In a previous series on the topic of lumber color change, we took a fairly surface-level approach. This time, we’re going to delve a little more deeply into the many factors that contribute to differences in color. First on the list, grain probably influences color variation within a species more than any other factor.
Grain Caused by Density Variation
Even when milled from the same tree, the color of two boards can vary greatly based on the way they’ve been cut and the part of the tree from which they’ve been cut. What impacts the way grain influences color is often density — which, in turn, determines how a board reflects light, and how its color appears to our eyes. (For more about the science behind how light reflection translates into color, check out this website.)
If trees grew perfectly straight, causing wood fibers to be completely parallel to one another, the density throughout a tree would be uniform. However in reality, grain flows over and around knots and moves to stabilize the tree as it fights against wind or gravity, causing the density of a tree to vary.
Grain Caused by Seasonal Shifts
Growth periods also impact grain, with less dense wood formed during times when growth rings are spread further apart and denser wood when rings are grouped more closely; sometimes you will even find some of both within a single tree due to annual climate variation. Then add in figured, curvy grain and the potential for exposing end grain on the face of a board in order to display intricate quilted and curly effects. In such situations, the color can vary drastically even within a single board.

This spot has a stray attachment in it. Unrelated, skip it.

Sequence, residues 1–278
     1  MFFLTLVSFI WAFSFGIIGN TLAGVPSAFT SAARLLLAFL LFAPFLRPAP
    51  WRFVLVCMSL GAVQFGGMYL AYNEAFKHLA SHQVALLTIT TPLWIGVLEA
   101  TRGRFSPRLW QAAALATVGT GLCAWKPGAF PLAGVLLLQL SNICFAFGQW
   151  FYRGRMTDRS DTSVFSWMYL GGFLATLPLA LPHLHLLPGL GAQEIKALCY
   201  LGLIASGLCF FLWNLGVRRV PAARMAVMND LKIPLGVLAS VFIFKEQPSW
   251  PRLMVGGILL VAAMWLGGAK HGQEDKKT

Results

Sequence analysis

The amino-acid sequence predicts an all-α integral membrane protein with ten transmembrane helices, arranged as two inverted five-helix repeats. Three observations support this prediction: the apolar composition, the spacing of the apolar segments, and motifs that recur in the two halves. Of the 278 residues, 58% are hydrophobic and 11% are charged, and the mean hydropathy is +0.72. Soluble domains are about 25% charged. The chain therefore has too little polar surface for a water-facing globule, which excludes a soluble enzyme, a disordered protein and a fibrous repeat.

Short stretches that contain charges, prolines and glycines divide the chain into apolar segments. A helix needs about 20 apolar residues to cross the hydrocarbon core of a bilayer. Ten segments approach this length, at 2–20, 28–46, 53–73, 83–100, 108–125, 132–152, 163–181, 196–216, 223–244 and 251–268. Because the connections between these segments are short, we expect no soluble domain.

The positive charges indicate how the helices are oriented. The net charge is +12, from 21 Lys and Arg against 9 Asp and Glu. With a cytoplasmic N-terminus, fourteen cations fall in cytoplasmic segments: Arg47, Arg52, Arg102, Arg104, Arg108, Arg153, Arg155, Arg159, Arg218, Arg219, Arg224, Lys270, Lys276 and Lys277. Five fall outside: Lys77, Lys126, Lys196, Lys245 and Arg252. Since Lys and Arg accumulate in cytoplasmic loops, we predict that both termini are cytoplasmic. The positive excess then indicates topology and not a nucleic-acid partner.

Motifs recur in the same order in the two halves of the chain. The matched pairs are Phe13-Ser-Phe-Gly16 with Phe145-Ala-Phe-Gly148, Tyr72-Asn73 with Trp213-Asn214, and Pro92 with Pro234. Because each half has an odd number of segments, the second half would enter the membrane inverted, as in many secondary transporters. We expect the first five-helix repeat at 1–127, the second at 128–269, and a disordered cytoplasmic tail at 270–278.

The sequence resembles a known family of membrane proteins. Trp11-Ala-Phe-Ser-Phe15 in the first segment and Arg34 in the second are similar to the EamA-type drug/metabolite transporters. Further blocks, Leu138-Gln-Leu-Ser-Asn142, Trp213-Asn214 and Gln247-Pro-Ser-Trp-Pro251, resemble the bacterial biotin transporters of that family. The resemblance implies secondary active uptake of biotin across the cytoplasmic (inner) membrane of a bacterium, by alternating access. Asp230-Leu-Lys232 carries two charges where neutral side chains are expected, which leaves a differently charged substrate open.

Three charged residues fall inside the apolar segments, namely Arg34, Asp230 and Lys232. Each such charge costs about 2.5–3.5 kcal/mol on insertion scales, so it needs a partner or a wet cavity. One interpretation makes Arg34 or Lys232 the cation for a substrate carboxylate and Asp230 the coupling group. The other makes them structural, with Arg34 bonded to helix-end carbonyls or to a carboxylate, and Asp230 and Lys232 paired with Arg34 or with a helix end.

Grain Caused by Sawing Techniques
Not only does the grain that naturally occurs contribute to the color of a board, but the technique used to saw it from the log also makes a difference. Essentially, by using a particular sawing method, we’re choosing which type of grain to impose upon a log. If the board is cut from the periphery or the center of the tree, the board’s appearance will be affected, as it also will whether Rift or Quarter sawn boards are cut from the log.
Even with those premium cutting techniques that tend toward showcasing parallel grain, flecks referred to as Medullary Rays can show up on the face, presenting the board as being uniformly darker than others cut from the same log. Sometimes these boards display a striped pattern, instead. As you might imagine, end grain is always darker than face grain, as well.
Of course, grain isn’t the only factor that impacts wood color. In Part 2, we’ll look at the following additional contributing factors:
• Harsh Environmental elements
• Regional Climate Distinctions
• Difficult Traveling Conditions
J. Gibson McIlvain Company
Since 1798, when Hugh McIlvain established a lumber business near Philadelphia, the McIlvain family has been immersed in the premium import and domestic lumber industry. With its headquarters located just outside of Baltimore, the J. Gibson McIlvain Company (www.mcilvain.com) is one of the largest U.S. importers of exotic woods.
As an active supporter of sustainable lumber practices, the J. Gibson McIlvain Company has provided fine lumber for notable projects throughout the world, including the White House, Capitol building, Supreme Court, and the Smithsonian museums.
Contact a representative at J. Gibson McIlvain today by calling (800) 638-9100.